Label the first column “my self-growth values. Later. You may be good with finances. or that seem to cry out for expression.” Copy your self-growth values into the first column. What natural abilities do you have in each area? Think of things that you’re good at or excel at. that’s okay. and abilities. You can return to this activity later on. And if your mind tells you that you don’t have any talents in a certain area. teaching and sharing what you know. These talents are your unique set of attributes. sports. You may have a natural ability to be attentive to your needs and those of others. that you enjoy doing. bringing people together. to brighten a dark moment. while others seem to flow naturally from your core. Together. to 55 . and then as you continue reading. others have been with you since childhood.” the second “my talents. or technology. Some may be underdeveloped. passions. Some may have required years of work to develop.Finding Meaning by Serving Others directions in which you take these talents and passions are informed by your values. simply thank your mind for that thought and return to the exercise. we recommend that you get a sheet of paper and divide it into four columns. others sense your talents in what you do. If you don’t have time right now to put this down on paper. At this point. we’ll help you explore and clarify your service values. fill in the remain ing columns. your talents.” the third “my passions. or getting things done. You may have a knack for leading others. outdoor activities. and values form a nexus that adds richness to your life and meaning to your acts of service. Your Talents Your mind might tell you otherwise. but you do have talents. to listen. Take a moment to reflect on each of your self-growth values in terms of your unique talents and interests. And if you’re fortunate enough. we provide several exercises to help you discover some of your talents and passions. skills.” and the fourth “my impact on others. cooking. you may have heard people comment on them from time to time. In just a bit. When you manifest them.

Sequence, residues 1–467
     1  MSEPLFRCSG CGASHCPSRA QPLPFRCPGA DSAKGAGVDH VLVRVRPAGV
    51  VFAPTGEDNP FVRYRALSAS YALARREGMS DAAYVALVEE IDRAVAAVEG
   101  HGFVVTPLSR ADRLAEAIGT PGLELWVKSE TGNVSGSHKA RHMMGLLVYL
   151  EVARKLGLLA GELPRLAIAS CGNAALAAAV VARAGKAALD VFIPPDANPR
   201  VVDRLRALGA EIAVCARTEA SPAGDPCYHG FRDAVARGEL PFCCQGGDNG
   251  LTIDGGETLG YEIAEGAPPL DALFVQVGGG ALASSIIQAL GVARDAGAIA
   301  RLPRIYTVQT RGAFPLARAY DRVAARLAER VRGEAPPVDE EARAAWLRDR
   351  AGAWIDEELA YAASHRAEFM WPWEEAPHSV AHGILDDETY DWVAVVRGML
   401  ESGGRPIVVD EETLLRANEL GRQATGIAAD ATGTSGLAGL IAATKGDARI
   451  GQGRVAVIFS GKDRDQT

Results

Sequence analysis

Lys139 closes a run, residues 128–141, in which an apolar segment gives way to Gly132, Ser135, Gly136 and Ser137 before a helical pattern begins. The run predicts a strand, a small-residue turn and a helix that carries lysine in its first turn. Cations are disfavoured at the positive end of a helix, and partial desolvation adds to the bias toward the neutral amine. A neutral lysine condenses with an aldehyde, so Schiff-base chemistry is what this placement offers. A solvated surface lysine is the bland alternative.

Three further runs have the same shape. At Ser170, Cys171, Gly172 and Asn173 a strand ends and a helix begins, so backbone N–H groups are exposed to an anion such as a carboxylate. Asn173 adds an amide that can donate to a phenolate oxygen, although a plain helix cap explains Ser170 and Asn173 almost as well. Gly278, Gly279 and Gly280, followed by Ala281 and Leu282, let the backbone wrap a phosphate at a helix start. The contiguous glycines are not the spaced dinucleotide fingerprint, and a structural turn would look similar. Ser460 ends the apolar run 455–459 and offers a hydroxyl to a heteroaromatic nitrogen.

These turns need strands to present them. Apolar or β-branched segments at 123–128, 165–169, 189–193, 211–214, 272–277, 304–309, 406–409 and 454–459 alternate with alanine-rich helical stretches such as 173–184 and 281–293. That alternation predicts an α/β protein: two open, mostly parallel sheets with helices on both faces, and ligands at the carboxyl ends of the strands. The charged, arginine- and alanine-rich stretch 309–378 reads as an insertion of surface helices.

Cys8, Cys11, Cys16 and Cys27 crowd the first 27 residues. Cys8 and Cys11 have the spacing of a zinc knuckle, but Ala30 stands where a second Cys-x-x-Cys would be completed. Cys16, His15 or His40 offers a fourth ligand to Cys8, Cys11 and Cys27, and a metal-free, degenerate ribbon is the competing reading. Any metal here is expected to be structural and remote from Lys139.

What does he or she enjoy doing? What is this child good at? Where does he or she seem to thrive? And if you had a crystal ball and could make a prediction based on what you see. singing. interests. think back in time. friend. just as a parent. and in what that child brings to the world. jot down whatever talents you come up with for each of the self-growth values you listed on your piece of paper. writing. and abili ties. or other forms of artistic expression. Maybe you’re creative. If you’re having trouble with this exercise. or to face hardship and adversity. you’re both enriching your life and giving others a gift of yourself. Think of how you’d comment on that child’s talents. and keeping commitments. So when you develop and share your talents. acting on your talents often brings a sense of personal satisfaction. look for common themes. As you reflect. Imagine that you’re watching yourself as a young child. wherever you find yourself. You see yourself in this little child. whether with problem solving. Your Passions It’s common for people to offer advice along the lines of “Do something that you’re passionate about. Just jot down whatever you come up with. you’re likely to discover that you have many talents. and purpose. planning. or your talents may be expressed through your intellectual abilities. Theres no right or wrong with this. full of promise and potential. Far too many of us shuffle through life doing things that we don’t feel strongly 56 . Plus. meaning. Expressing your talents serves others and creates ripples on the pond. Talents are important because they’re something you can develop and share with others. or caregiver might do. Perhaps you’re good at organiz ing. Once you’ve written down talents for each of your self-growth values. dance. You may have talents for working with your hands. music.” They’re right. When you’re ready. what would you say about the future talents of this child? Don’t overthink it. You may share easily and give freely. perhaps to a “happy” period in your childhood.Your Life on Purpose rise to a challenge.